Bytedance teams up with a state-run Chinese publisher

TIKTOK, A CHINESE-OWNED short-video app no Western teenager can do without these days, stresses its independence from the authorities in Beijing. Its parent company, less so. Bytedance, whose $75bn valuation makes it the world’s biggest unlisted startup, has just teamed up with Shanghai Dongfang Newspaper Company, a state-run publisher. The joint venture, in which Bytedance holds a 49% stake, will, among other things, develop technologies such as artificial intelligence (AI).

It is not Bytedance’s first jive with the state. Since its founding in 2012 it has worked with most news organisations in China, many of them state-run, which it needs to feed Jinri Toutiao, its news app—all the more so since the launch two years ago of “New Era”, a channel that reports chiefly about government goings-on. In 2018 it hired a former anchor at CCTV, China’s state television, as vice-president. In April it signed a strategic partnership with Beijing Time, a news platform linked to the Beijing Municipal Party Committee.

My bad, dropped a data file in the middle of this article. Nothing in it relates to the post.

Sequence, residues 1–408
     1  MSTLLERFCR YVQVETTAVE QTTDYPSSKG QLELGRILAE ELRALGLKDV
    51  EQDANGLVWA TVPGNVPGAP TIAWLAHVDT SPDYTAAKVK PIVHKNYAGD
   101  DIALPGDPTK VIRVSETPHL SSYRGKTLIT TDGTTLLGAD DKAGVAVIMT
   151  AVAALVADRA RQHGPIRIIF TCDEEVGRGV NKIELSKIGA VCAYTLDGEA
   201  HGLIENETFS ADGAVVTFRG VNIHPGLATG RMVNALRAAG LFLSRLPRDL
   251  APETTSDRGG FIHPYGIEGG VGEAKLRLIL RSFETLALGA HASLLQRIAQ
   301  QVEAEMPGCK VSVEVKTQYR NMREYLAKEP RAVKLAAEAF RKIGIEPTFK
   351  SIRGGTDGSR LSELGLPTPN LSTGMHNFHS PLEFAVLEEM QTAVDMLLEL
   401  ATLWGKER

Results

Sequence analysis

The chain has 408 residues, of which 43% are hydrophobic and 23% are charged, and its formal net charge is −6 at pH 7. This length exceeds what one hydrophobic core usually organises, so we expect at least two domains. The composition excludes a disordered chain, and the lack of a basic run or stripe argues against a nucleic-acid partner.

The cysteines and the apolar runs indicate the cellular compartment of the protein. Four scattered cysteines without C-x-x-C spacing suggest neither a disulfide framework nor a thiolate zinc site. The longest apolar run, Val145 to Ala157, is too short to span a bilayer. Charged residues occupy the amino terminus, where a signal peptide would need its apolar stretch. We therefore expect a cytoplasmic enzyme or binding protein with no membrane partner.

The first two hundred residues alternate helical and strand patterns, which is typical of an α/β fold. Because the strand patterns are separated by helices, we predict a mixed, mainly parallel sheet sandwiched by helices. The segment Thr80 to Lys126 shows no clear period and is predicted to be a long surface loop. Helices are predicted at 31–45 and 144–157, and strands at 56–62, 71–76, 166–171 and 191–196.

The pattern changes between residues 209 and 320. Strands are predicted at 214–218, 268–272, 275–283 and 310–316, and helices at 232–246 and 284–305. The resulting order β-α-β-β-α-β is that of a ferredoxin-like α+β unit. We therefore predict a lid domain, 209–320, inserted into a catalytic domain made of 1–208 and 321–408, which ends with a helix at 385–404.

Toutiao is periodically chastised—by the government and users alike—for a dearth of serious content. The joint venture is looking to fill that gap. Shanghai Dongfang owns the Paper, a serious outlet which does proper investigative work (even if state censorship can dull its edge).

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